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Moscow says peace talks between Russia and Ukraine could start again Tuesday

Ukrainian service members stand beside a damaged building in a residential area after shelling in Kyiv, Ukraine, on March 18. Photo by Vladyslav Musiienko/UPI | License Photo

March 28 (UPI) -- The Kremlin said the next round of talks between Russian and Ukrainian negotiators could start as early as Tuesday in person as Russia continued its invasion on Monday.

Russian government spokesman Dmitry Peskov said new talks will take place in Istanbul after Turkey agreed to host the talks. While Turkey said the discussions could start Monday, Peskov said negotiators would only arrive in Istanbul on Monday.

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Peskov was not as optimistic about direct talks between Russian President Vladimir Putin and Ukrainian President Volodymyr Zelensky, saying no progress has been made in bringing them together.

Zelensky appeared to offer a diplomatic off-ramp for the Russian invasion Sunday, saying Ukraine could declare its "neutrality" and effectively renounce its past goal of joining NATO in a potential peace deal.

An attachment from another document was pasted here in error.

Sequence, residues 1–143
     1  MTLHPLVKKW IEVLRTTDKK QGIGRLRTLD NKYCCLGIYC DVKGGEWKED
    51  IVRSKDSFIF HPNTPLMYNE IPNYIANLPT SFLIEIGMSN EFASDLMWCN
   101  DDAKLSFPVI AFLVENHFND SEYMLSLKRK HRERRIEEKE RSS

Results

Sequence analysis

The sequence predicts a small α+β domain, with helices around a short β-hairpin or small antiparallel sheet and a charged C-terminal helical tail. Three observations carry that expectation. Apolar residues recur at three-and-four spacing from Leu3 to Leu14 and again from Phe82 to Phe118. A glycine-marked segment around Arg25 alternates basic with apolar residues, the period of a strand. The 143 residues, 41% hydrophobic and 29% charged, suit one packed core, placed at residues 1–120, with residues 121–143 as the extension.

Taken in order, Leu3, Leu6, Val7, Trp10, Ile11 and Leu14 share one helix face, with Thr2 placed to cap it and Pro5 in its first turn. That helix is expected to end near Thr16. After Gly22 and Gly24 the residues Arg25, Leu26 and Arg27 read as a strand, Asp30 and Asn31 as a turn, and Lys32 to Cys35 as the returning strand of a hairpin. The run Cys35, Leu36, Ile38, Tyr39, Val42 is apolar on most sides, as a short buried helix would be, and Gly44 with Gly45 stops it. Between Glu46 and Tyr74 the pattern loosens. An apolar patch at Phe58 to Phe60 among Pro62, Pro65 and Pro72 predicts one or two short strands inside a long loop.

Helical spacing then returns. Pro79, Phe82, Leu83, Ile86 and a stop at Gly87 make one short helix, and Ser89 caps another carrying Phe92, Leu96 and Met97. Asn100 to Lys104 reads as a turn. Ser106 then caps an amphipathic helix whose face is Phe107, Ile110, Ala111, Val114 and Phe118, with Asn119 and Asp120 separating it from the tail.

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He added, though, that Ukraine's sovereignty and territorial integrity had to be part of any deal with Moscow, along with the departure of Russian troops. Zelensky made the comments in an interview with Russian journalists, but the Kremlin quickly banned publication.

In the meantime, Ukrainian officials said they believe Russia appears to now be concentrating on securing the eastern portion of the country that's controlled by separatists in an effort to divide the country similar to how Korea and Germany were after World War II and Vietnam was until the 1970s.

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Despite heavy bombardment, Russia has failed to take control of most of Ukraine's major cities, including the capital of Kyiv because of strong resistance.

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Kyiv officials said that schools would reopen online Monday and that "psychological support" for children would be offered to distract them from the war.

Ukraine Deputy Prime Minister Iryna Vereshchuk said no new humanitarian corridors would be opened out of major cities for fear of Russian "provocations" against civilians trying to escape the violence.

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